Sunday, January 29, 2012

Kurds Join Revolt as Free Syrian Army Moves Up

Syrian army launches offensive on Damascus

BEIRUT (AP) – In dozens of tanks and armored vehicles, Syrian troops stormed rebellious areas near the capital Sunday, shelling neighborhoods that have fallen under the control of army dissidents and clashing with fighters. At least 62 people were killed in violence nationwide, activists and residents said.

The widescale offensive near the capital suggested the regime is worried that military defectors could close in on Damascus, which has remained relatively quiet while most other Syrian cities descended into chaos after the uprising began in March.
The rising bloodshed added urgency to Arab and Western diplomatic efforts to end the 10-month conflict.

STORY: Arab League halts observer mission in Syria
STORY: Syria: Crackdown on protesters will continue

The violence has gradually approached the capital. In the past two weeks, army dissidents have become more visible, seizing several suburbs on the eastern edge of Damascus and setting up checkpoints where masked men wearing military attire and wielding assault rifles stop motorists and protect anti-regime protests.

Their presence so close to the capital is astonishing in tightly controlled Syria and suggests the Assad regime may either be losing control or setting up a trap for the fighters before going on the offensive.

Residents of Damascus reported hearing clashes in the nearby suburbs, particularly at night, shattering the city's calm.

"The current battles taking place in and around Damascus may not yet lead to the unraveling of the regime, but the illusion of normalcy that the Assads have sought hard to maintain in the capital since the beginning of the revolution has surely unraveled," said Ammar Abdulhamid, a U.S.-based Syrian dissident.

"Once illusions unravel, reality soon follows," he wrote in his blog Sunday.

Soldiers riding some 50 tanks and dozens of armored vehicles stormed a belt of suburbs and villages on the eastern outskirts of Damascus known as al-Ghouta Sunday, a predominantly Sunni Muslim agricultural area where large anti-regime protests have been held.

Some of the fighting on Sunday was less than three miles (four kilometers) from Damascus, in Ein Tarma, making it the closest yet to the capital.

"There are heavy clashes going on in all of the Damascus suburbs," said Rami Abdul-Rahman, director of the British-based Syrian Observatory for Human Rights, who relies on a network of activists on the ground. "Troops were able to enter some areas but are still facing stiff resistance in others."

The fighting using mortars and machine guns sent entire families fleeing, some of them on foot carrying bags of belongings, to the capital.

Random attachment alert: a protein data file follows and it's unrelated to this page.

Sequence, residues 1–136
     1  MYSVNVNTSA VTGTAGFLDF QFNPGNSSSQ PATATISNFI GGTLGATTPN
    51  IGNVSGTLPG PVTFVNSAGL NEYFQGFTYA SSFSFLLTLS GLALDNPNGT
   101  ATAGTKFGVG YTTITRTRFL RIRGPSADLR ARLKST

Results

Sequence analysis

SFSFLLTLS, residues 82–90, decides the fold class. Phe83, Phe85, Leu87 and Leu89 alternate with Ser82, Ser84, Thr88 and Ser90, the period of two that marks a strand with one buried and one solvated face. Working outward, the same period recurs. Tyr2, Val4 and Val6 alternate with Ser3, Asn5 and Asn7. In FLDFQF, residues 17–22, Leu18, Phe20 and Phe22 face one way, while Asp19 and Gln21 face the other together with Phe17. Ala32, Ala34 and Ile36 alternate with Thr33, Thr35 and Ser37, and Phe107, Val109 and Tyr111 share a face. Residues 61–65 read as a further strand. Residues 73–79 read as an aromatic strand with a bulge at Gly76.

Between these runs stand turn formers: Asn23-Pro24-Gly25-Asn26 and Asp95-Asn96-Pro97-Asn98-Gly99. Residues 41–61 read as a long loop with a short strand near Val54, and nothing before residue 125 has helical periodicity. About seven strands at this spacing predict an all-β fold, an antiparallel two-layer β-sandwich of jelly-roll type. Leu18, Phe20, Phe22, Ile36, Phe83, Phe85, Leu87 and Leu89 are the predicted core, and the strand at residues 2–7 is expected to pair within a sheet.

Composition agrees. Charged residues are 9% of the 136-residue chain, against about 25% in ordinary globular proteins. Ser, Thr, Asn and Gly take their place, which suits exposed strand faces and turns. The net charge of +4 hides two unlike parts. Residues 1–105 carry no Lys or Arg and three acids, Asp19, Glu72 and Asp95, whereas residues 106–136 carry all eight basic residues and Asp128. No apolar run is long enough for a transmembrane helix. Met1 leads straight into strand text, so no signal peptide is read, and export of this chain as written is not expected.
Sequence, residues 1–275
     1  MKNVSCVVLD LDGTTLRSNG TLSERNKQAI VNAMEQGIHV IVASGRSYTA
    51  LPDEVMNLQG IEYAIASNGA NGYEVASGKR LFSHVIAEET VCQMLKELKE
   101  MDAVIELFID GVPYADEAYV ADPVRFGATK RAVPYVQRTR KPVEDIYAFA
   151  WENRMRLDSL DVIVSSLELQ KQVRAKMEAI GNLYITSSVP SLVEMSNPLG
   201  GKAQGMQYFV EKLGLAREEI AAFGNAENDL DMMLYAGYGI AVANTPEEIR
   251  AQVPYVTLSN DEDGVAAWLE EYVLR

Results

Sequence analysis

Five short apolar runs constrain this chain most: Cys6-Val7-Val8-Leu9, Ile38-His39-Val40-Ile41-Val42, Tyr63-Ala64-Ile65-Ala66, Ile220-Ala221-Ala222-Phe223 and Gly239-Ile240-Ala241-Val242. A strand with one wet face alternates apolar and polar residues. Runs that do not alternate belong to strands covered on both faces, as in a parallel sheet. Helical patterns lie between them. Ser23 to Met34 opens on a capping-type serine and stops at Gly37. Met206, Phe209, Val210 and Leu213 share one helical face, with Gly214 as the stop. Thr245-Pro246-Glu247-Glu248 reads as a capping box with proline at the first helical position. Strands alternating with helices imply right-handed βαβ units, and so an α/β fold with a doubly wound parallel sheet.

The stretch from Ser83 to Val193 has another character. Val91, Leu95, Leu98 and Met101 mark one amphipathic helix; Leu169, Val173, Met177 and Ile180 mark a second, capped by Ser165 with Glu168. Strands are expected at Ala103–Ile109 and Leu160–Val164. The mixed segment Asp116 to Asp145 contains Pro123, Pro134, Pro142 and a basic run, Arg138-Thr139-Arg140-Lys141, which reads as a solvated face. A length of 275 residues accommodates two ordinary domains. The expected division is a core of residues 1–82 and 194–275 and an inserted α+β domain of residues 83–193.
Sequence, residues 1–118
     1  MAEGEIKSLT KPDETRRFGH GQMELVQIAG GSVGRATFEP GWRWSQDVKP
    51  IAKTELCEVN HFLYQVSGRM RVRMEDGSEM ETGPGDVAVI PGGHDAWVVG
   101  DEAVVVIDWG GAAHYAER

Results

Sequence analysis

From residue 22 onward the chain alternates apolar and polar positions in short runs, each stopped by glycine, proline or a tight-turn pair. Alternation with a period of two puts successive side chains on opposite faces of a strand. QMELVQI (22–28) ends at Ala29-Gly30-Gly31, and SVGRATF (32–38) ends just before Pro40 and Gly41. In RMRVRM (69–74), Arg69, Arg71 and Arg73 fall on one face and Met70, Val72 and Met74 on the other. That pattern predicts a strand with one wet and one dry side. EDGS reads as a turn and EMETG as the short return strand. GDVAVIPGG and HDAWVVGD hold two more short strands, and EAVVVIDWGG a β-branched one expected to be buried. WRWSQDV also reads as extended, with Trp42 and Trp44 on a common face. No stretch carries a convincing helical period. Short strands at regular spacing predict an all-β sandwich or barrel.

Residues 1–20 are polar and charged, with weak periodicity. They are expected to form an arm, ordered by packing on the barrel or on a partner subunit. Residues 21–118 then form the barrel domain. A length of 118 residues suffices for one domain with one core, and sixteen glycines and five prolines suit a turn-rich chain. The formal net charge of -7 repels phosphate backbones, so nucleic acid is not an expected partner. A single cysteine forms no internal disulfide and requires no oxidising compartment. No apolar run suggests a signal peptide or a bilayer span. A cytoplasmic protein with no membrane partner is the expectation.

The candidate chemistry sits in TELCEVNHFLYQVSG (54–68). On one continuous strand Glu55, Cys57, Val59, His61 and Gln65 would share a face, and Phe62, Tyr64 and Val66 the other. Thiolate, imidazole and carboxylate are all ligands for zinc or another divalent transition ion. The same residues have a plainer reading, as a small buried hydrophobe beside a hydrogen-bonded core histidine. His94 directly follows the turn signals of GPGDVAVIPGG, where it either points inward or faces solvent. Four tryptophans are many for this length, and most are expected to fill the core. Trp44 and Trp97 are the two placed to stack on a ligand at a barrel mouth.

"The shelling and bullets have not stopped since yesterday," said a man who left his home in Ein Tarma with his family Sunday. "It's terrifying, there's no electricity or water, it's a real war," he said by telephone on condition of anonymity, for fear of reprisals.

The uprising against Assad, which began with largely peaceful demonstrations, has grown increasingly militarized recently as more frustrated protesters and army defectors have taken up arms.

In a bid to stamp out resistance in the capital's outskirts, the military has responded with a withering assault on a string of suburbs, leading to a spike in violence that has killed at least 150 people since Thursday.

The United Nations says at least 5,400 people have been killed in the 10 months of violence.

The U.N. is holding talks on a new resolution on Syria and next week will discuss an Arab League peace plan aimed at ending the crisis. But the initiatives face two major obstacles: Damascus' rejection of an Arab plan that it says impinges on its sovereignty, and Russia's willingness to use its U.N. Security Council veto to protect Syria from sanctions.

Arab League Secretary-General Nabil Elaraby told reporters Sunday in Egypt that contacts were under way with China and Russia.

"I hope that their stand will be adjusted in line with the final drafting of the draft resolution," he told reporters before leaving for New York with Qatari Prime Minister Hamad bin Jassim.

The two will seek U.N. support for the latest Arab plan to end Syria's crisis. The plan calls for a two-month transition to a unity government, with Assad giving his vice president full powers to work with the proposed government.

Because of the escalating violence, the Arab League on Saturday halted the work of its observer mission in Syria at least until the League's council can meet. Arab foreign ministers were to meet Sunday in Cairo to discuss the Syrian crisis in light of the suspension of the observers' work and Damascus' refusal to agree to the transition timetable, the League said.